[Seattle, WA]- Early Music America has published the Fall 2011 issue of its quarterly publication, Early Music America magazine. Call 1-888-SACKBUT or email firstname.lastname@example.org now to request a complimentary copy.
NOTABLE IN THIS ISSUE:
BEMF 2011: Change and Transformation
John S. Powell recaps the wide array of concerts, seminars, workshops, pre-concert lectures, mini-festivals, organizational meetings, and centerpiece opera Niobe, Regina di Tebe, that took place at the biennial festival in Boston.
Excerpt: “The theme of this year’s Boston Early Music Festival was ‘Metamorphoses: Change and Transformation.’ As artistic directors Stephen Stubbs and Paul O’Dette pointed out, Ovid’s Latin classic Metamorphoses (meaning ‘changes in shape’) was one important association with the word. ‘Another story in its own right is the way in which classical thought and literature were revived, translated, and either revered or forgotten in the successive ages of the Medieval, Renaissance and Baroque periods.’”
Also featured in this article: “EMA’s Young Performers Festival Enchants BEMF Audiences”
Why Play the Keyboard Sonatas of Leopold Koželuch?
Christopher Hogwood explains why the celebrated composer, although beloved in his own time, has been largely overlooked by the early music revival.
Excerpt: “Koželuch led the last generation that attempted to preserve and integrate the world of the serious amateur into frontline musical life before a permanent divide opened up between ‘great’ music (difficult, professional, for listening) and the anodyne world of ‘salon’ music (easy, amateur, for playing).”
Early Music in the City That Never Sleeps
Gene Murrow describes how New York’s early music scene has flourished in the past few years based on the presence of numerous ensembles, a vibrant community of artists and scholars, a solid educational infrastructure, a growing fan base, and more.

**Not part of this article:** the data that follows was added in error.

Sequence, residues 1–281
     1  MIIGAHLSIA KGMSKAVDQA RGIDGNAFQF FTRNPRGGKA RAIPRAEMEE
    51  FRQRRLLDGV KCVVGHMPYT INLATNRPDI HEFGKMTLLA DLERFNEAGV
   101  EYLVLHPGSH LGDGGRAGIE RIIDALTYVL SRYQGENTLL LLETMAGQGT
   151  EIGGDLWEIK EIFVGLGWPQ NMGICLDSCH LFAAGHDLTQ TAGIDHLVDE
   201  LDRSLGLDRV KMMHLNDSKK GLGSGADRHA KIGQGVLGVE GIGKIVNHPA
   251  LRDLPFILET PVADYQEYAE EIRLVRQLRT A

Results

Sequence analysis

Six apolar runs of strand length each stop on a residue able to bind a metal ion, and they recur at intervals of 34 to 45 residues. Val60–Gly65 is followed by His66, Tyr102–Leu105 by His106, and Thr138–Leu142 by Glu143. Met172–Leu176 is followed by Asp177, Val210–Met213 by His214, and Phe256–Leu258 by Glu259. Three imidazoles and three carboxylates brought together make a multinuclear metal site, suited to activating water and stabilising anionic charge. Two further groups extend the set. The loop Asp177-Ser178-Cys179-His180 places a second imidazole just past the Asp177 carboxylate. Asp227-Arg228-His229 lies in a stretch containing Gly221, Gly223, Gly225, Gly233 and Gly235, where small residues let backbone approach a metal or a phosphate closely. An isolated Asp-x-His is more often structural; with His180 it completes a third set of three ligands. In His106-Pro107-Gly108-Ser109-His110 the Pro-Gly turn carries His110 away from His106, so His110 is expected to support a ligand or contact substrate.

Excerpt: “As Grant Herreid of the New York Continuo Collective says: ‘Where else could a musician like me sing Gregorian chant and Renaissance motets in two different Tridentine Latin mass professional church choirs, perform music for Shakespeare’s Tempest with Sir Derek Jacoby and David Daniels, play Vivaldi for the Danish Royal Ballet at Lincoln Center, lead a mixture of amateur and professional Baroque guitar players and singers in a concert of 17th century Spanish music, and perform all of Robert Dowland’s Musicall Banquet…all in one week?’”
Also in this issue:
Profile: Joel Fredericksen by Beth Adelman
In Conclusion: Madrigal Dinners by Lavern Wagner
Plus Recording Reviews, Book Reviews, and Sound Bytes (news from the field).
About Early Music America
Early Music America serves and strengthens the early music community in North America and raises public awareness of early music. EMA was founded in 1985 and provides its 3,000 members with publications, advocacy, and technical support. EMA publishes the quarterly magazine Early Music America. “Early music” includes western music from the Medieval, Renaissance, Baroque, and Classical periods, performed on period instruments in historically-informed styles. For more information, contact Early Music America at 206-720-6270 or 888-SACKBUT, or visit our web site at www.earlymusic.org.
Patrick Nugent, Publicity Director
206-720-6270; fax 206-720-6290